We don't trust government
The big news today is that Governor Snyder has decided not to run for President, which is only slightly less surprising than that snow isn’t expected in August. I don’t think he was ever really running, and when Proposal One went down, it took his national chances with it.
But there is real and disturbing news related to all this. First, it is very clear that the voters just don’t trust state government. That’s true on the right and the left. When you have Carl Levin and Rick Snyder both telling people to vote yes, and more than eighty percent vote no, it’s pretty clear we aren’t following our leaders.
We don’t trust them, and here’s something worse. They don’t deserve our trust.
They demonstrate daily that they don’t work for us, or care about what we think. Here’s the latest example: Kurt Heise, a Republican state representative from Plymouth, introduced a bill this week to prevent all of us from getting information about things like oil and gas pipelines in this state.
Currently, a lot of people are worried about a pipeline Enbridge has under the straits of Mackinac. If it broke, that would utterly devastate the Great Lakes.
Enbridge, as we know too well, had a pipeline break five years ago, sending more than a million gallons of heavy crude oil into the Kalamazoo River. Its pipeline under Mackinac would be old enough to collect Social Security, if it were a person. If that were to break it could be the worst environmental disaster in our history.
But Kurt Heise doesn’t want us to be able to find out much about it. We wouldn’t be able to find out much about high-energy power lines either, or other critical and potentially dangerous energy sources. He would exempt their owners from the state Freedom of Information Act.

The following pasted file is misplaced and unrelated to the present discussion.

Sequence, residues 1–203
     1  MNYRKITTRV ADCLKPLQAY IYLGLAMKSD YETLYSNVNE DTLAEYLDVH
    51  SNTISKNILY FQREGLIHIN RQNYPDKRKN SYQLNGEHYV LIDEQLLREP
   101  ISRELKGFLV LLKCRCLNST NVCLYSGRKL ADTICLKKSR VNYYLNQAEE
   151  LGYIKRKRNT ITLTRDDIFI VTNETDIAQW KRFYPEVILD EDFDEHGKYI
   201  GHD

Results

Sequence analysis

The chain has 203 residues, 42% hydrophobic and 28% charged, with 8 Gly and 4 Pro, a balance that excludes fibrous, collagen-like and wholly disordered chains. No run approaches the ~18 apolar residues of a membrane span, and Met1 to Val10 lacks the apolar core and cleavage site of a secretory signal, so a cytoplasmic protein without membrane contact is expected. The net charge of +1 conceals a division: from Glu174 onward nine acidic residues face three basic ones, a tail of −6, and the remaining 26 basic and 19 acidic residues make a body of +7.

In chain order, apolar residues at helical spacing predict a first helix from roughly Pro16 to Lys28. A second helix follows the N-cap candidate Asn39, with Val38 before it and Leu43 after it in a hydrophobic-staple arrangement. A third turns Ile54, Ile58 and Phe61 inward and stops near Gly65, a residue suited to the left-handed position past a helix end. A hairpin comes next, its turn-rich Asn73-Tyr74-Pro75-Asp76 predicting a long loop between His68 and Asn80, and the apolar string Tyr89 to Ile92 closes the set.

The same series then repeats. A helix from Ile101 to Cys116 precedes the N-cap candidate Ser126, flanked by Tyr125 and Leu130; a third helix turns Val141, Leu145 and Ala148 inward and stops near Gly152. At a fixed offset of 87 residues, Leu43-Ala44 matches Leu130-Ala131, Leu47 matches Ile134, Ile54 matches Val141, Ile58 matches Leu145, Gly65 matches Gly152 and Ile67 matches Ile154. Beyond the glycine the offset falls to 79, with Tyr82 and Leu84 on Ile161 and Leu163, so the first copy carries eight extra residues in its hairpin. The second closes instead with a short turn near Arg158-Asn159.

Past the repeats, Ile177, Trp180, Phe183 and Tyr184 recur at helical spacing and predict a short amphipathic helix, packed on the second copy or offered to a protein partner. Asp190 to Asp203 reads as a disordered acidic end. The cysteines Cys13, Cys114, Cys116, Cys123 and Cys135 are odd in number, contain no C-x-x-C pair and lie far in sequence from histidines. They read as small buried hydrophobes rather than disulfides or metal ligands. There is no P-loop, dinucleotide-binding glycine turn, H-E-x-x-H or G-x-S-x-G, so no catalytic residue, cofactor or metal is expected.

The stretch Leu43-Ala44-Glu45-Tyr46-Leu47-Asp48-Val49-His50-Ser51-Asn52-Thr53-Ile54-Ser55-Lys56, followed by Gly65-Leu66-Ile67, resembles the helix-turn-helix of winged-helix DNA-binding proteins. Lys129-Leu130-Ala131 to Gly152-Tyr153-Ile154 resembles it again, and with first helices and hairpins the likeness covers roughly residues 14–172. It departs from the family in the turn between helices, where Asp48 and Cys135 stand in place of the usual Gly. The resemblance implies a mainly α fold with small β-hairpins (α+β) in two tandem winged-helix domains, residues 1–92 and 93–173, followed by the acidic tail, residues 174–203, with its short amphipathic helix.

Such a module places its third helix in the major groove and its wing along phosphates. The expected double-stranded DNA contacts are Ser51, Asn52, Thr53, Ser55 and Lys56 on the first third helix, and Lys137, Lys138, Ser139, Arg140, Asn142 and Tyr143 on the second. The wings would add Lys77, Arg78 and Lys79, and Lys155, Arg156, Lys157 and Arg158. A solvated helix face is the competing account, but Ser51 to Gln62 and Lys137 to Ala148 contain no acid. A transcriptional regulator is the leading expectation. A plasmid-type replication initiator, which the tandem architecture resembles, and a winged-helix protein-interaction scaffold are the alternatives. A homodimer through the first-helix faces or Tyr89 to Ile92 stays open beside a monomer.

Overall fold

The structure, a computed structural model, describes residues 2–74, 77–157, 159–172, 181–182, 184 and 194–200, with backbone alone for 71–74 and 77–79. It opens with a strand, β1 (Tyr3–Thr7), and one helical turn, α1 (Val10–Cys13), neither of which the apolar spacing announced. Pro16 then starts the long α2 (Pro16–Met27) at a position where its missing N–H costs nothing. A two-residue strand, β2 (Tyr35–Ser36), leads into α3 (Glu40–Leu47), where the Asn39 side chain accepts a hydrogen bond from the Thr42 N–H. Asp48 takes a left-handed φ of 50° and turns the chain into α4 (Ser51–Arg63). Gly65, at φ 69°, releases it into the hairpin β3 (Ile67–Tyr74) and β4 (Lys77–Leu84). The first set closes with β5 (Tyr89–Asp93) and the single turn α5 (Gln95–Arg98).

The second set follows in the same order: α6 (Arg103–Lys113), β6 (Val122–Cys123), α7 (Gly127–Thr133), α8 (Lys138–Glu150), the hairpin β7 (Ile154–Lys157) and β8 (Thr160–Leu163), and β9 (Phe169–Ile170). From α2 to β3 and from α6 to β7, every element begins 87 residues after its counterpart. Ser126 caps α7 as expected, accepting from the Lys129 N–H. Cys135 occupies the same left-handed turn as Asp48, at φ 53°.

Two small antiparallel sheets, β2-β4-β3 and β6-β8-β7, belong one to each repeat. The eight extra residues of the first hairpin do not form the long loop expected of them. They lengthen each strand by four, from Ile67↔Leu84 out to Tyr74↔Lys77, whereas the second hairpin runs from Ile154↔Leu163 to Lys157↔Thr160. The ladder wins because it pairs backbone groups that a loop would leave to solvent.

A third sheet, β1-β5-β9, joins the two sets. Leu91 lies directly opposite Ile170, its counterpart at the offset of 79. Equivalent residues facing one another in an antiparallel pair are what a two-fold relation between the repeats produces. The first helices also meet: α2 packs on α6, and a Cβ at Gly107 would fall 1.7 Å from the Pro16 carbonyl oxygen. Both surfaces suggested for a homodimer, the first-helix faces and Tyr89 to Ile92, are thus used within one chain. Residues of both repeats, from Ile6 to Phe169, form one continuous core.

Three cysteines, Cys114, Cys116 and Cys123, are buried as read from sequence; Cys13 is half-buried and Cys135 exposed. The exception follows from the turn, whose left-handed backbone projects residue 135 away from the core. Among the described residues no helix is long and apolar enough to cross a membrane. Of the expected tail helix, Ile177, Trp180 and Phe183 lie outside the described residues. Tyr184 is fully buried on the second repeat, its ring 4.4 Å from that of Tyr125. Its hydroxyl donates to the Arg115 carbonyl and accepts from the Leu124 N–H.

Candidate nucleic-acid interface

Why? Well, Heise says this is designed to protect us from terrorism, and is in the “interests of national security.” They used to say patriotism was the last refuge of a scoundrel; it’s been “national security” ever since Richard Nixon used those words to try to prevent the taped evidence of his Watergate crimes from becoming public.
I don’t know yet where Heise’s campaign contributions have been coming from, but I do know the oil and gas companies are lobbying hard for this bill.
And if that weren’t enough, Brian Dickerson of the Detroit Free Press points out today that Michigan Senate Majority Leader Arlen Meekhof quietly got his colleagues to repeal a rule that required the Senate to respond to requests for public information within two weeks, and to otherwise exempt themselves from disclosing anything they don’t want the public to see.
This is entirely consistent with Meekhof’s record. Last year, he got the legislature to pass a bill to prevent us from knowing the source of so-called “dark money” campaign contributions, making our campaign finance disclosure laws all but meaningless.
These legislators don’t work for us. They largely work for the special interests they hope will give them lobbying jobs after their term-limited political careers are over. What’s more, there’s little chance of defeating them in their gerrymandered districts.
If this doesn’t make you worried about democracy, I don’t know what would.
Jack Lessenberry is Michigan Radio's political analyst. Views expressed in his essays are his own and do not necessarily reflect those of Michigan Radio, its management or the station licensee, The University of Michigan.